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The illustrations by Angela Harding are beautiful and detailed and add a wonderful addition to the book. They revel in the nature and the seasons, they take care of their environment and the woods take care of them. Yesterday a parent came over to tell me how impressed she was by the book fair and that you did a fabulous job of selling the books to the children first.

She has pushed her mother away all her life, however when she climbs away from her on a birthday visit, October's Dad follows her up the tree and falls. The descriptions of both environments are really well written and one becomes totally engrossed in the development of October as she adjusts. After living ‘in the wild’ with her father she is then transported to a life in the city with her mother. Forced to go to the local school, she finds it very difficult to fit in and her time there is only made bearable by the friendship that tentatively builds between her and another pupil with whom she goes mudlarking on the River Thames.The story leads to a mudlarking-project assembly that she and Yusuf present to the school, sharing the stories attached to the treasured items that can be found. From author Katya Balen for children aged 9-12 years is one of the most beautiful stories that has been published this Autumn. But when a terrible incident disrupts the peace of the forest, October is forced to be crammed into a cage made of concrete and guilt. She has Stig, her rescued owlet and has selected the tree she will plant to commemorate turning eleven. Alternatively, we suggest that you visit your local library and request to borrow a copy from a friendly librarian.

And if she finds the long-lost Forever Fern before the twins, both Jungledrop and our world will crumble. Its incarceration in a cage in the rescue centre, and its subsequent release into the wild again is an obvious – perhaps slightly too obvious – echo of October’s own journey.October, who has just turned 11 and is named after her birth month, lives in the woods with her father.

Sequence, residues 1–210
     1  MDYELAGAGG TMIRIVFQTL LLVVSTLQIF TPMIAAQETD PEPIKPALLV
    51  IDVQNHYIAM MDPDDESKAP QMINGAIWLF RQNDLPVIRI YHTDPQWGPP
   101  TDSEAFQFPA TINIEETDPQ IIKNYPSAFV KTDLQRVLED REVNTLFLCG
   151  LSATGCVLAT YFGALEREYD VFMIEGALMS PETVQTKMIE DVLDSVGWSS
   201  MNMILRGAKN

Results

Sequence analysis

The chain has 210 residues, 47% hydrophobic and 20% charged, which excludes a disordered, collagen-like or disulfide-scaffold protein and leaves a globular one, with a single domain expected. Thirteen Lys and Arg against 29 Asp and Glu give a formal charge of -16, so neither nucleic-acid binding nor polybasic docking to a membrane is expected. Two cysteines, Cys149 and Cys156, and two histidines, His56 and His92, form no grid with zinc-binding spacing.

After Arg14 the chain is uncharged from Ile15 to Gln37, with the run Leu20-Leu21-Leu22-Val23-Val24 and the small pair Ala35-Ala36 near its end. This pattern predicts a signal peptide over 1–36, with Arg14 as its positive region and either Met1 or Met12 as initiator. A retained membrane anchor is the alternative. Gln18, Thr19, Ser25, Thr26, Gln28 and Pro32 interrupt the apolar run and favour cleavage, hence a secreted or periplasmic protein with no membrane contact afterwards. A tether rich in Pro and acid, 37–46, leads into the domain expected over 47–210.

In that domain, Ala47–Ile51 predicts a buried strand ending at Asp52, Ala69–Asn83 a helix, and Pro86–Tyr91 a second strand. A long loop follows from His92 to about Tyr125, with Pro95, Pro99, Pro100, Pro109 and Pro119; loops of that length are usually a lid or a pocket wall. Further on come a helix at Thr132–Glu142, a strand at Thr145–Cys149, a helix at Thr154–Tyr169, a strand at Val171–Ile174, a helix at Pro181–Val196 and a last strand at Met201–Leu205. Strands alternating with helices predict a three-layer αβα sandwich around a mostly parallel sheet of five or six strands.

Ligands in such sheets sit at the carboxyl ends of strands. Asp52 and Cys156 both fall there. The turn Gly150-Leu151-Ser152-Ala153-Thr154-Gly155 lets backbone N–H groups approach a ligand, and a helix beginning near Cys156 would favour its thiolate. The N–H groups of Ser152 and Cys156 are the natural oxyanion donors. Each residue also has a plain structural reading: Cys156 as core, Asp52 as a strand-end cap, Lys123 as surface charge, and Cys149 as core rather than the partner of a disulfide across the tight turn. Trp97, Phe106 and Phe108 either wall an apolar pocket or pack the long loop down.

However he cannot… Soon, October’s caught in the clutches of screaming hospitals, whitewashed bathrooms and the glare of the city while her father lies fighting to mend after a fall. I would've been enchanted with this book as a child, and as an adult I was completely charmed by it too, recommended for middle grade readers and soft hearted adults alike.October lives in an isolated part of the woods with her father- no neighbours, no friends, no schooling and the woman who used to be her mother long gone. October, who has never gone to school and spends all of her time with her father, is extremely close to him and she is, therefore, distraught when a serious accident leaves him hospitalised and unable to look after her. Gradually, though, as Dad slowly recovers in hospital, October starts to adjust to her tamed city life, making friends with a boy in her class and discovering the semi-wildness that is mudlarking on the Thames. The breakdown of the words and the different font sizes at parts to emphasise the loudness was absolutely effective, almost poetic. She lives in South London with her partner, two lazy dogs and an assorted collection of dying house plants.

I love everything about this story, the trajectory of the protagonist, her innocence and awkwardness, the environment, the history and background. To begin with it was not a book I could get into but I put my trust in this book and was very glad to. We also experience the joy of reconciliation, which is something we all yearn for in our broken relationships. Everything in the city is wrong, from the cars and underground trains that make her sick to school, where the other kids tease her.This selection of brilliant stories shows that even if you have nerves about moving, there are adventures to be had and new friends to meet once you're in your new home.

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